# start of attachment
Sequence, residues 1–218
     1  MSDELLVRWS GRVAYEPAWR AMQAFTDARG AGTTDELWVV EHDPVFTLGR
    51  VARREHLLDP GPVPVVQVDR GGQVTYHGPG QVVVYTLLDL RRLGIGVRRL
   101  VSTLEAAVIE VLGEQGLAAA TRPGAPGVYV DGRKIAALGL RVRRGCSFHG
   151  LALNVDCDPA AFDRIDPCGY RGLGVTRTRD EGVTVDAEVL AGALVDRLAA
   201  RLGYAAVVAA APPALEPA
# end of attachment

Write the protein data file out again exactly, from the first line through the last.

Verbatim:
Sequence, residues 1–218
     1  MSDELLVRWS GRVAYEPAWR AMQAFTDARG AGTTDELWVV EHDPVFTLGR
    51  VARREHLLDP GPVPVVQVDR GGQVTYHGPG QVVVYTLLDL RRLGIGVRRL
   101  VSTLEAAVIE VLGEQGLAAA TRPGAPGVYV DGRKIAALGL RVRRGCSFHG
   151  LALNVDCDPA AFDRIDPCGY RGLGVTRTRD EGVTVDAEVL AGALVDRLAA
   201  RLGYAAVVAA APPALEPA